Religion in the workplace

Can an employee refuse diversity training because of religious beliefs?

Religion in the workplace

It can be difficult for companies to negotiate the line between what is for the good of the company, and what suits the individual - and one particular minefield is when the company’s values conflict with an employee’s faith. So, when the two conflict, and employer and employee are at loggerheads, who prevails?

In a decision that provides at least some clarity, the U.S. Court of Appeals for the Second Circuit has upheld the dismissal of a lawsuit brought by an employee who claimed he was discriminated against on the basis of religion for refusing to attend LGBTQ anti-discrimination training. The plaintiff worked as an account clerk for Erie 2-Chautauqua-Cattaraugus BOCES, a public organization that provides educational programs and services to school districts.

Nearly five years ago, in 2018, the employer mandated training to maintain an environment free of harassment and discrimination, as required by New York State's Dignity for All Students Act.

Despite being told by his boss to attend the training, the plaintiff refused, citing his religious beliefs as a devout Christian. He also requested that the employer offer training to teach greater cultural sensitivity towards persons of faith.

The plaintiff was issued a counseling memo for insubordination and directed to attend the LGBTQ training or face disciplinary action up to and including termination. The plaintiff did not attend the training as directed and was subsequently terminated.

The district court dismissed his case, finding that the termination was not due to religious discrimination but for repeatedly refusing to attend mandatory employee training. The Second Circuit has now affirmed this decision.

The plaintiff filed a complaint with the New York State Division of Human Rights, which was likewise dismissed for no probable cause. The plaintiff then filed suit in district court seeking reinstatement, back pay, and $10 million in damages, alleging that the training aimed to change his religious beliefs and attending it would violate his religious teachings.

However, the court granted summary judgment in favor of the employer, holding that the plaintiff failed to present any evidence of discriminatory intent or malice, and that his termination was due to repeatedly refusing to attend a mandatory employee training.

The Second Circuit affirmed the decision, finding that the plaintiff had failed to provide sufficient evidence to support his claims. The case highlights the importance of employers providing mandatory employee training to maintain a safe and inclusive workplace while respecting employees' religious beliefs.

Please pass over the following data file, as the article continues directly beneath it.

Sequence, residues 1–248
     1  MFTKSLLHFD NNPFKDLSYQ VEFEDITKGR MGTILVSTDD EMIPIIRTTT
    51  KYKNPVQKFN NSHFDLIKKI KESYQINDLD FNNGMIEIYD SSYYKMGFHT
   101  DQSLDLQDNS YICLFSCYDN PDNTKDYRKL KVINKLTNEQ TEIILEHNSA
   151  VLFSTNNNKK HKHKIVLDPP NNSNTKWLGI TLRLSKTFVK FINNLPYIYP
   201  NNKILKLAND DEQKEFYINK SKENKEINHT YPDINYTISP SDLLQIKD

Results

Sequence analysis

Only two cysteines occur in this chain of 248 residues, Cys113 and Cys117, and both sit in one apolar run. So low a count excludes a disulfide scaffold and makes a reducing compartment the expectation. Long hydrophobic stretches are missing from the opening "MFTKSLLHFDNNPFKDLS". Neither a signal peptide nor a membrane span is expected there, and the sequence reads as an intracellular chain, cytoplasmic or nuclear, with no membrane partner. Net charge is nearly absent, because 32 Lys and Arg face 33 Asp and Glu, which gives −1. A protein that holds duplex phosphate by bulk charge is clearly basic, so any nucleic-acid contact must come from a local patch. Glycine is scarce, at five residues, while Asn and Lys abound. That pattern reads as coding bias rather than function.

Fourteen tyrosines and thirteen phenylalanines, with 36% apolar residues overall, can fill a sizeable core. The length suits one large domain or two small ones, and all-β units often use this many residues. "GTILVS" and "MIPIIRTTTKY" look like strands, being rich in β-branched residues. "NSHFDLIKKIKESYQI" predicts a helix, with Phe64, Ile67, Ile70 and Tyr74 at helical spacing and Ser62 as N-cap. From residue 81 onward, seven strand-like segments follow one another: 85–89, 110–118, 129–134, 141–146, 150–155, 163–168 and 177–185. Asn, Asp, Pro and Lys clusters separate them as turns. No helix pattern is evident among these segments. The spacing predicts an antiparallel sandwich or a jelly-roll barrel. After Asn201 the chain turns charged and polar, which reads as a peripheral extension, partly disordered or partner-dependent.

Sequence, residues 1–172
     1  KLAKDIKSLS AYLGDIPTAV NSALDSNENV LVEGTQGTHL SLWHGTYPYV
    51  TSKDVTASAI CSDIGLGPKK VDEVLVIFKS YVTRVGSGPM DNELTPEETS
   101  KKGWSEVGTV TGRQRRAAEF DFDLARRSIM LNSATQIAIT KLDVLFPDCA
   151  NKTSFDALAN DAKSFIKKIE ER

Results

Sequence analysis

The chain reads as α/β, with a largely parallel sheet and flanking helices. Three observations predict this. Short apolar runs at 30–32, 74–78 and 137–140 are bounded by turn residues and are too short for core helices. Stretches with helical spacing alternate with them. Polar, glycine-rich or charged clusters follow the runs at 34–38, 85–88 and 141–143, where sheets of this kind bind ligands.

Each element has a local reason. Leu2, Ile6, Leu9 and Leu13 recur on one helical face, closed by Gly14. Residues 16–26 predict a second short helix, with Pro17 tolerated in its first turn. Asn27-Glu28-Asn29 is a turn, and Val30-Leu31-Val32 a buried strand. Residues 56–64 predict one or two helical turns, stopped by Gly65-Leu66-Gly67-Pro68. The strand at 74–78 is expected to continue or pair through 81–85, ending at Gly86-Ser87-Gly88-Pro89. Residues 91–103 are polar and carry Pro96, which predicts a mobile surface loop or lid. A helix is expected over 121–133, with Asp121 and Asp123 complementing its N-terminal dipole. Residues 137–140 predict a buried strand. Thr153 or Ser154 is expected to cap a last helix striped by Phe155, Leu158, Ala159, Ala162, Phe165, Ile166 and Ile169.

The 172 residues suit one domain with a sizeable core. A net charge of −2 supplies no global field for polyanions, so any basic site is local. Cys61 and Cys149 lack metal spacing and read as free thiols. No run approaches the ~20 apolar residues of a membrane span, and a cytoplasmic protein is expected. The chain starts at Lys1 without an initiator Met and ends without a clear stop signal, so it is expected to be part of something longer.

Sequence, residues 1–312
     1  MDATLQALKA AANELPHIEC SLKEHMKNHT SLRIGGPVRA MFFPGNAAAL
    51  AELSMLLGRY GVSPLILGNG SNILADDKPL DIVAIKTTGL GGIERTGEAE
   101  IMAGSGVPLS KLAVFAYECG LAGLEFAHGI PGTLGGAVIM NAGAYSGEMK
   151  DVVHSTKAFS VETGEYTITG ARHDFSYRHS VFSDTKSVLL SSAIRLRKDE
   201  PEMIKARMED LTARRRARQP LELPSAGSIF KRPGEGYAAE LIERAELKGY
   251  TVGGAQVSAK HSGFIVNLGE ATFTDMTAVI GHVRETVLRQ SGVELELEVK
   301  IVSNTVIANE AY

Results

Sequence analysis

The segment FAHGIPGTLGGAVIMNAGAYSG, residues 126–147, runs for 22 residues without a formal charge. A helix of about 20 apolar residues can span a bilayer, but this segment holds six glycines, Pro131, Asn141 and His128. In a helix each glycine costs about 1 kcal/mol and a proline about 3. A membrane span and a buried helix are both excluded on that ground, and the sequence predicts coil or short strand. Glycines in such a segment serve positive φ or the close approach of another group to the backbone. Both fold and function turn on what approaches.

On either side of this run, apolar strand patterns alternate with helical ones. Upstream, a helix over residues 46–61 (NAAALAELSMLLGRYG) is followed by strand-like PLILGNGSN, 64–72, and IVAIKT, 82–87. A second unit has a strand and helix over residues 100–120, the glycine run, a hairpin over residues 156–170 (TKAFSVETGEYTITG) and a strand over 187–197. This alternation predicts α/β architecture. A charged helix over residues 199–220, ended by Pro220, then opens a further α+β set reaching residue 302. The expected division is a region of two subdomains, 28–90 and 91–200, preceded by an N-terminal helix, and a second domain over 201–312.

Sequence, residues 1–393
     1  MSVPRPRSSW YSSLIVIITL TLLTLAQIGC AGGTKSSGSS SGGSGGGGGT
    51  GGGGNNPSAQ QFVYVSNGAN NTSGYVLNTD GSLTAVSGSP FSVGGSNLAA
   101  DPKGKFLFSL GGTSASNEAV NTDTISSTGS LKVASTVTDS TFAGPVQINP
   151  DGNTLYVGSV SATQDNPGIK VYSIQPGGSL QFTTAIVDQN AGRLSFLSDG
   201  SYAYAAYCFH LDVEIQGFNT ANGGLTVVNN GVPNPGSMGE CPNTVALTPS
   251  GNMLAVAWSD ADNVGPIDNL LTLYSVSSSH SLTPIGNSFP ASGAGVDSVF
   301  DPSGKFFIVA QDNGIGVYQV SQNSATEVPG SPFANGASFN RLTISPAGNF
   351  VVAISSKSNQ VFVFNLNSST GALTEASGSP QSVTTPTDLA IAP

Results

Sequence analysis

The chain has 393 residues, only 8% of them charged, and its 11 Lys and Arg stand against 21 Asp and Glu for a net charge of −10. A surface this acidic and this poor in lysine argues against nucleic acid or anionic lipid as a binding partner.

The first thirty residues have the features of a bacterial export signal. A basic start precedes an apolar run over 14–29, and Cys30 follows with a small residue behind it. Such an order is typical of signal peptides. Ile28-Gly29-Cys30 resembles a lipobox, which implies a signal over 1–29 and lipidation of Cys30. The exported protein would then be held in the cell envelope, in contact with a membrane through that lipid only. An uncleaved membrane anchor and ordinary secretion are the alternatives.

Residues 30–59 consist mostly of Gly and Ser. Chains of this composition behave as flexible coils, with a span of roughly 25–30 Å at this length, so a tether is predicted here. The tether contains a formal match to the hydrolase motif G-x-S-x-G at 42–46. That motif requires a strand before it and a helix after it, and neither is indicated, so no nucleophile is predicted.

The U.S. Supreme Court is set to hear the case of Groff v. DeJoy, which addresses the issue of an employer's duty to provide reasonable accommodations for religious reasons.

The two issues before the court are 1) Should the court reconsider the more-than-de-minimis-cost test for denying religious accommodations under Title VII of the Civil Rights Act of 1964, as established in Trans World Airlines, Inc. v. Hardison; and; (2) can an employer claim "undue hardship on the conduct of the employer's business" under Title VII simply by demonstrating that the requested accommodation imposes a burden on the employee's coworkers, rather than directly affecting the business itself?

Oral arguments are scheduled for April 18, and the decision could potentially change the current test for determining what constitutes an "undue burden" on employers and co-workers.

This could give employees seeking religious accommodations more leverage in the workplace. The case underscores the ongoing debate between an employer's obligation to accommodate an employee's religious beliefs and the impact such accommodations may have on the employer and other employees.

Trans World Airlines, Inc. v. Hardison (1977) was a U.S. Supreme Court case that addressed the issue of religious accommodations in the workplace under Title VII of the Civil Rights Act of 1964. The case involved Larry G. Hardison, an employee of Trans World Airlines (TWA) who converted to the Worldwide Church of God, a Christian denomination that observes the Sabbath from sundown on Friday to sundown on Saturday.

As a result of his religious beliefs, Hardison requested not to be scheduled to work during the Sabbath. However, TWA's seniority-based system for scheduling time off made it difficult for him to obtain Saturdays off without a conflict with his coworkers' preferences. Eventually, Hardison was assigned to a shift that required him to work on Saturdays. When he did not report to work on the Sabbath, he was terminated for insubordination.

Hardison sued TWA, claiming that the company failed to provide reasonable accommodation for his religious beliefs, as required under Title VII. The case reached the U.S. Supreme Court, which ruled in favor of TWA with a 7-2 decision. The court held that TWA was not required to accommodate Hardison's religious needs if doing so would impose more than a "de minimis" (minimal) cost on the employer's business operations. In this case, the court found that TWA's efforts to accommodate Hardison would have imposed more than a de minimis cost due to the disruption of the seniority-based scheduling system and the impact on other employees.

The Trans World Airlines, Inc. v. Hardison decision established the more-than-de-minimis-cost test for determining whether an employer has provided a reasonable accommodation for an employee's religious beliefs under Title VII. This test has been subject to criticism and debate in the years since the ruling.

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